October 29, 2012

COLUMN: Sooners losing the battle in the trenches

NORMAN, Okla. — The No. 14 Oklahoma football team had another shot at national respect Saturday night against the No. 4 Notre Dame Fighting Irish, and once again was not up to the task.

The Sooners lost 30-13, giving the team that was once viewed as unbeatable at Oklahoma Memorial Stadium its second home loss of 2012.

After OU lost to Kansas State in the third week of the season, it appeared the Sooners were on track for a mediocre season.

Oklahoma did not impress in a season-opening win over UTEP, and the Florida A&M game was relatively meaningless, given the talent disparity.

As the season has gone on, Kansas State has proven itself to be a national contender led by a Heisman-trophy candidate in quarterback Collin Klein, and suddenly that loss didn’t look so bad for OU.

Big wins over Texas Tech and Texas brought the Sooners back up into the top 10, and the game with undefeated Notre Dame was OU’s chance to bring itself back into the BCS race.

Unfortunately for the Sooners, Notre Dame followed the same formula that Kansas State followed, and exposed the Sooners’ weaknesses once again.

Last season, the OU defense struggled with giving up big plays. In losses to Texas Tech, Baylor and Oklahoma State, the Sooners’ secondary was gashed by deep passing plays time and time again.

Mike Stoops took over the defensive coordinator role this season, replacing Brent Venables. Stoops preached that his version of the defense would change its philosophy, play it safer in the secondary and avoid giving up the big play.

That strategy has worked for OU, but Stoops has been unable to hide the other deficiencies of the defense. OU is more solid in the defensive backfield, but has been shown to be extremely vulnerable up front.

The first signs were visible in week one against UTEP. Running back Nathan Jeffery exploited the Sooners defense for 182 yards and an 8.4 yard per carry average.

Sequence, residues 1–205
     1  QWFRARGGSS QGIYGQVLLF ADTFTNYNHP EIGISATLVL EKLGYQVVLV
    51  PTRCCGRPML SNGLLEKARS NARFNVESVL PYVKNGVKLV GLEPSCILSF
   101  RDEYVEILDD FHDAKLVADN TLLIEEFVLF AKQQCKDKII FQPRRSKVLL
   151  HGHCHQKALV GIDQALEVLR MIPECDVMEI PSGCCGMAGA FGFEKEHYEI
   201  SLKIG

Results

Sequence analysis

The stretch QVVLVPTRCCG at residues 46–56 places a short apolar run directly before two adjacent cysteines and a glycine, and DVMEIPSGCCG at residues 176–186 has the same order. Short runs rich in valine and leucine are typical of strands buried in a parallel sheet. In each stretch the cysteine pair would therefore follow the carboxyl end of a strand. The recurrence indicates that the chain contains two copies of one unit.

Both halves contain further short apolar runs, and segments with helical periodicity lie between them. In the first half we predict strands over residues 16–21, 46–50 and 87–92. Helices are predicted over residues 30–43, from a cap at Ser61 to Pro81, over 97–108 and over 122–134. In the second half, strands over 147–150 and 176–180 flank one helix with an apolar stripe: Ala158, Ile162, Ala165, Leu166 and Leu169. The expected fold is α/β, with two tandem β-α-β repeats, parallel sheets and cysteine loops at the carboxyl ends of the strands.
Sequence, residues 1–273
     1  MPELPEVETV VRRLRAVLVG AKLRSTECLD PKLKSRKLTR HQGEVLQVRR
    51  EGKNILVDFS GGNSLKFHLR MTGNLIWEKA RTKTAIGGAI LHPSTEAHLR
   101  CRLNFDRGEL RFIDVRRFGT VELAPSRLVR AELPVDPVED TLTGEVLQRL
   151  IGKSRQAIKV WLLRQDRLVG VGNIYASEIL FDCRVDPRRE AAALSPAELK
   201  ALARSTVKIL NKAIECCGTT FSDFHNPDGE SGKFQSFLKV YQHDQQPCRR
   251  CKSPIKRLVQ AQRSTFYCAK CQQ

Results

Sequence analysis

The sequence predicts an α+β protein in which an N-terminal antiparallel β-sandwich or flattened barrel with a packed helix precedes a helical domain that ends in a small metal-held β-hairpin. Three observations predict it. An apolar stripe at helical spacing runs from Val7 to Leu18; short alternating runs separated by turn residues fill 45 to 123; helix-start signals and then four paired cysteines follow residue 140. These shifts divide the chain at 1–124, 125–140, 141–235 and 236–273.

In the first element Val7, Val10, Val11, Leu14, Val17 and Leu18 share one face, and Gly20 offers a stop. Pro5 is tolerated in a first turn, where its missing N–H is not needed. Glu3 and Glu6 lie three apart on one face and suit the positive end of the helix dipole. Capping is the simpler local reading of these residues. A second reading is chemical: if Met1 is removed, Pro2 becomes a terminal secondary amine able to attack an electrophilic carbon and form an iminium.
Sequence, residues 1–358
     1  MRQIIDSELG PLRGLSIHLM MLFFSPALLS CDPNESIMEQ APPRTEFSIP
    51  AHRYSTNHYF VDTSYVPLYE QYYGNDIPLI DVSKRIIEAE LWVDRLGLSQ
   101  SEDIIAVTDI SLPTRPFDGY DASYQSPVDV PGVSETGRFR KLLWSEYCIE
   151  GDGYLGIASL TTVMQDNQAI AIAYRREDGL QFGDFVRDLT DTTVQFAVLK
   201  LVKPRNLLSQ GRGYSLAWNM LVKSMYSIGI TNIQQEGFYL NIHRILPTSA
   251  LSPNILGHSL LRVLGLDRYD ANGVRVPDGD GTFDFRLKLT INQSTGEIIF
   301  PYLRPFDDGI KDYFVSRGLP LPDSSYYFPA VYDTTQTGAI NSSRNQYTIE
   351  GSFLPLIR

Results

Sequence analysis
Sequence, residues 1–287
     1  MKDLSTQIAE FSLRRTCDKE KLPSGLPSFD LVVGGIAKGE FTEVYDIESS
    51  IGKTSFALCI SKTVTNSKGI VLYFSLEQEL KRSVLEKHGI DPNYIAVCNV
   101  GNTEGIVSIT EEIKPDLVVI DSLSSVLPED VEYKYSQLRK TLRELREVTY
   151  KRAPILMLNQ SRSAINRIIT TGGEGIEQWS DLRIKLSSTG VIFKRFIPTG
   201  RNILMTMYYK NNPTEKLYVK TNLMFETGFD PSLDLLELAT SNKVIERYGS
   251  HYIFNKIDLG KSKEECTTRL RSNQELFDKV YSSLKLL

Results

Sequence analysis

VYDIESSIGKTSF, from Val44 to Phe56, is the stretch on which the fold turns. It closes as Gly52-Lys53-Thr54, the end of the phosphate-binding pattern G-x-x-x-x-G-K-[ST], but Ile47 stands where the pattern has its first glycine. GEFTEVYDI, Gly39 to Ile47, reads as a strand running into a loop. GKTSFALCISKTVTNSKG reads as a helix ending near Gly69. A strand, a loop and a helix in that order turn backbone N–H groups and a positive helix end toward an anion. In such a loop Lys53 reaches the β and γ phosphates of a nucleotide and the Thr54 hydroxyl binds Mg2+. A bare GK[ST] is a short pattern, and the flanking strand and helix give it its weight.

Kansas State took advantage of that weakness as well, with Klein controlling the game. The quarterback ran for 85 yards and one touchdown, and running back John Hubert carried the ball 23 times for 135 yards and a touchdown. Combined with an efficient passing game (13-for-21, 154 yards, no interceptions), the Wildcats were able to control time of possession and pace of play.

Notre Dame did the same thing. With dual-threat quarterback Everett Golson and a duo of running backs, the Irish ran for 221 yards and averaged 5.5 yards per carry.

Golson mimicked the style of Klein, throwing for 177 yards on 13-for-25 passing, and not turning the ball over once.

The Sooners struggle to stop the run, and even though their play-it-safe pass defense has prevented big plays, in both their losses their opponents took what was given and didn’t make risky throws.

On the other side of the ball, Oklahoma has been unable to sustain a balanced offense due to a lack of a running game.

In the loss to Kansas State, OU only averaged 3.4 yards per carry on the ground. And even though Dominique Whaley averaged 6.2 yards per carry with a long run of 13, he only got nine carries.

Things got worse against Notre Dame, a team that features a premier defense. The Irish defense held OU to 0.6 net yards per carry, and taking away lost yardage, the Sooners still only averaged 2.2 yards per carry; 24 carries for 53 yards.

Landry Jones is no longer the passer who is throwing for 400+ yards and 4-5 touchdowns in games. He still boasts a solid completion percentage and is throwing for respectable yardage, but he isn’t as productive as he used to be.

Jones averages less than two touchdowns per game this season, and the Sooners need a consistent running game in order to compensate for the fact that Jones is more of a game-managing quarterback than a Heisman candidate, as he once appeared to be.

The redshirt senior quarterback has played his part this season, but when the running game isn’t a factor, it limits the entire offense.

It is often said that the game of football is won in the trenches. If that is the case, it would explain why Oklahoma has lost the two games it has played against high-level opponents this year. OU’s run game doesn’t suffer from lack of running back talent, but it does lack a dominant, run-blocking offensive line.

The formula for beating the Sooners has shown itself twice already this year, and while OU may not face a team the rest of the season that can exploit it like Kansas State or Notre Dame did, the Sooners’ championship hopes have already become a casualty of their weaknesses.

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